http://www.cafepress.com/goldsays
    "If you have nothing to hide, you're not trying!"
    Artie Gold, Nov 10, 2005
    #3
  4. Artie Gold wrote:
    > Fernando Barsoba wrote:
    >> Hi,
    >>
    >> I decided to start a new topic about my memory allocation question. One
    >> of the answers was that variable length arrays are possible using C99. I
    >> found this topic that also mentions it.
    >>
    >> http://groups.google.com/group/comp...variable length array&rnum=2#f5335d22d6e6fb34
    >>
    >>
    >> I did some test, but I get strange results:
    >>
    >> int size_array = sizeof(struct ip) + cnf->msg_length;
    >> unsigned char packet[size_array];
    >>
    >> And then, when asking the size of the 'packet' variable I get 4. How is
    >> that? It should be another number (31).. but I guess i'm getting the
    >> size of type unsigned char. Right?
    >>

    >
    > Show us the code you used to test.
    > [You passed `packet' to a function, didn't you...]


    I pass 'packet' to a function later on.. but not for this test. I
    checked the size of 'packet' after
    >>unsigned char packet[size_array];

    and there's where I get the value 4.

    Regarding to the other question, I'm using Eclipse + CDT (and the
    compiler is the one that comes with Cygwin which I am using too).

    FBM
    Fernando Barsoba, Nov 10, 2005
    #4
  5. Re: variable length array (was: question about dynamic memoryallocation)

    Fernando Barsoba <> writes:
    [snip]
    > I did some test, but I get strange results:
    >
    > int size_array = sizeof(struct ip) + cnf->msg_length;
    > unsigned char packet[size_array];
    >
    > And then, when asking the size of the 'packet' variable I get 4. How is
    > that? It should be another number (31).. but I guess i'm getting the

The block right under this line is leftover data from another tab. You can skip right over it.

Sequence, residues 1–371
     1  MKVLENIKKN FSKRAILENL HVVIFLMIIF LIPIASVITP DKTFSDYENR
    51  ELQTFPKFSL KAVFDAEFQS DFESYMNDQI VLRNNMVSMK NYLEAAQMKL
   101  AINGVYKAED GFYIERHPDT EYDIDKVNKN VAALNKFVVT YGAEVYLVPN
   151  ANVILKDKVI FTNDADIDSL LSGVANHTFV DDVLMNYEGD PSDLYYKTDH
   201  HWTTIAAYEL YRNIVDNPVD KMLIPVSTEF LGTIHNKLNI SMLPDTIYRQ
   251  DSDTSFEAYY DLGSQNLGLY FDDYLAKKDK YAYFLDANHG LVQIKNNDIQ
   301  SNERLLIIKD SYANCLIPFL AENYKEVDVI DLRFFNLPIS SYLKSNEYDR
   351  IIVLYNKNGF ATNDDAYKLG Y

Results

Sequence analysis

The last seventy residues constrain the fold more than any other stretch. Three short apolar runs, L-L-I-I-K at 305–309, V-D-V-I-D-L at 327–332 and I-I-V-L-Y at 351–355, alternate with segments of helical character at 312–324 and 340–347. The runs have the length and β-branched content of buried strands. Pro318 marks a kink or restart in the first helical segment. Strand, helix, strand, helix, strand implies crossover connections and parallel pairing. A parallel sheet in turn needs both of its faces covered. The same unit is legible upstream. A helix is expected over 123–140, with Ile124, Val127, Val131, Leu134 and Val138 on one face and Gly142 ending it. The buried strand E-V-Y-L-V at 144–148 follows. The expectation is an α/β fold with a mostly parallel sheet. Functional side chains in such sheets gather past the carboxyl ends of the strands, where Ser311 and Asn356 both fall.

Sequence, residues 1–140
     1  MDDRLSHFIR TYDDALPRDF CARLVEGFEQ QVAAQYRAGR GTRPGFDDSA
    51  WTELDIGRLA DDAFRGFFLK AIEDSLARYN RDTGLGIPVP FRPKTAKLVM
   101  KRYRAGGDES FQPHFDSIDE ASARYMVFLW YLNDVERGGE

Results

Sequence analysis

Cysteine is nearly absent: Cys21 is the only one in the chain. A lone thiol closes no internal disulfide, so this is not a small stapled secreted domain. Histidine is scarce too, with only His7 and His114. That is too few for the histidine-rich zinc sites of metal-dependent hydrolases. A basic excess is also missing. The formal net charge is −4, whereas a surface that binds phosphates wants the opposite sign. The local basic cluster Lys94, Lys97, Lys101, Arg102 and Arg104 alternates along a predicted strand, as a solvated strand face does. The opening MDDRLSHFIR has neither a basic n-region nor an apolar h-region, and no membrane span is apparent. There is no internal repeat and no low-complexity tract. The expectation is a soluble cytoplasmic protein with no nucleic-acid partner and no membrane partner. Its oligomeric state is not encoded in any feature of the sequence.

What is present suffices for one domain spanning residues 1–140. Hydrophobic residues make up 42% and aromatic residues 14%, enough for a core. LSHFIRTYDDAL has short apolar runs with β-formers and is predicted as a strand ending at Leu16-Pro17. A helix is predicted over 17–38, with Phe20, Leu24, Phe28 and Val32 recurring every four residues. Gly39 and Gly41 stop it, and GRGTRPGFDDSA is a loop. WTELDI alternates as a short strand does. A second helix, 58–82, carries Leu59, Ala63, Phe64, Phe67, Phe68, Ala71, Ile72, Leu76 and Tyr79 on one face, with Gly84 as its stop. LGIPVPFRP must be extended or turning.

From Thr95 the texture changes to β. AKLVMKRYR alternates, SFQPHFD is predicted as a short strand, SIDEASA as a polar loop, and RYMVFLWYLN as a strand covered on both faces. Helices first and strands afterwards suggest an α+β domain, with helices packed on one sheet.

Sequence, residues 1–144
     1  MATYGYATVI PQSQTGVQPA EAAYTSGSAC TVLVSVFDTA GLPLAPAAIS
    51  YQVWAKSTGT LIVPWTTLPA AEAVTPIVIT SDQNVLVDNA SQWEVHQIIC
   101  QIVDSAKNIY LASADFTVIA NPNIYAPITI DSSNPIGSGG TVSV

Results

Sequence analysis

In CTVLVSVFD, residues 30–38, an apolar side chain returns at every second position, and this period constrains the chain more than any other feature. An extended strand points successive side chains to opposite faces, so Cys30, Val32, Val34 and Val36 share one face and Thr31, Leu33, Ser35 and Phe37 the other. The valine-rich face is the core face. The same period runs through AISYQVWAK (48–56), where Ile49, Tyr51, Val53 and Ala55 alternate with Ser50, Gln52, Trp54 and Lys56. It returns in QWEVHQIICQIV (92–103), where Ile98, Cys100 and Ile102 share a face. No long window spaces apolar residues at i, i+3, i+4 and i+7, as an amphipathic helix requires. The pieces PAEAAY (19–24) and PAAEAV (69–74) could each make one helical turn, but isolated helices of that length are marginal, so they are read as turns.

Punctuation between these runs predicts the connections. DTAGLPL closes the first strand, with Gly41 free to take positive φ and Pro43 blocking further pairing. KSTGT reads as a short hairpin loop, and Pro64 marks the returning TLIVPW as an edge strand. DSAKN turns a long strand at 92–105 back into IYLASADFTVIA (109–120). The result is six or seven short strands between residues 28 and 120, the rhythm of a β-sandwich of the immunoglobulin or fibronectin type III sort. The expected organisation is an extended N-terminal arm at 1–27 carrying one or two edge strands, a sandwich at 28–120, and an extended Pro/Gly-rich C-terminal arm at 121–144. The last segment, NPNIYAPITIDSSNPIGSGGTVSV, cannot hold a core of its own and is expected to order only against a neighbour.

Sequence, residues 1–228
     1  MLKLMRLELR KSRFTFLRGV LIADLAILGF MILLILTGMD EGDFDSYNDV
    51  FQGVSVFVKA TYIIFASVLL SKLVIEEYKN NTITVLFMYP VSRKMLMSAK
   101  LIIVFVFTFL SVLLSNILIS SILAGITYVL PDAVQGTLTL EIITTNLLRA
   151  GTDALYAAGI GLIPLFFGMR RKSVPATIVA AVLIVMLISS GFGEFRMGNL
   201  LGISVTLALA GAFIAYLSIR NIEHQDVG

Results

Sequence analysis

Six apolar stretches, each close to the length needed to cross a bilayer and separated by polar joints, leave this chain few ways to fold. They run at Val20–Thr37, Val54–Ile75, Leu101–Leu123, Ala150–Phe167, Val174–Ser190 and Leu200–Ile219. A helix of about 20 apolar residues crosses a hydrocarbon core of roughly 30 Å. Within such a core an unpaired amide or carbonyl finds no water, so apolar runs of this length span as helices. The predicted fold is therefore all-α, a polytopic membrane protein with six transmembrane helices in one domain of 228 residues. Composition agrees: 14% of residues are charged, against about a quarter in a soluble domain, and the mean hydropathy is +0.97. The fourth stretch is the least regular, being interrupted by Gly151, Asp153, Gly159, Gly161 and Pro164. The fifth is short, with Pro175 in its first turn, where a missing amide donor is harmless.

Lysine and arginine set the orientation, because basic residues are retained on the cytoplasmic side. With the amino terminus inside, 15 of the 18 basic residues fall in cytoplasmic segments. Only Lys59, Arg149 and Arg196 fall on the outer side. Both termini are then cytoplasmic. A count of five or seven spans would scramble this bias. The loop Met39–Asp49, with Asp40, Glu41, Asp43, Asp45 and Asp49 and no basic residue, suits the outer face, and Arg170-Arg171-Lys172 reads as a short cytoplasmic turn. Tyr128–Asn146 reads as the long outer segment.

> size of type unsigned char. Right?


    No, sizeof(unsigned char) is 1 by definition. It looks like it could
    be sizeof(unsigned char*), but that's not

    How exactly did you ask the size of the 'packet' variable? Show us
    some code.

    Here's an example that works properly with gcc 2.95.2, 3.4.4, and
    4.0.2:

    #include <stdio.h>
    int main(void)
    {
    int len = 42;
    char vla[len];
    printf("sizeof vla = %d\n", (int)sizeof vla);
    return 0;
    }

    The output is:

    sizeof vla = 42

    If you passed it as an argument to a function and applied sizeof to
    the parameter, you'd get the size of the pointer, but that's because
    array expressions decay to pointers in most contexts; if you apply
    sizeof directly to the array object, it doesn't decay and you get the
    size of the array.

    --
    Keith Thompson (The_Other_Keith) <http://www.ghoti.net/~kst>
    San Diego Supercomputer Center <*> <http://users.sdsc.edu/~kst>
    We must do something. This is something. Therefore, we must do this.
    Keith Thompson, Nov 10, 2005
    #5
  6. Fernando Barsoba

    Skarmander Guest

    Keith Thompson wrote:
    > Fernando Barsoba <> writes:
    > [snip]
    >
    >>I did some test, but I get strange results: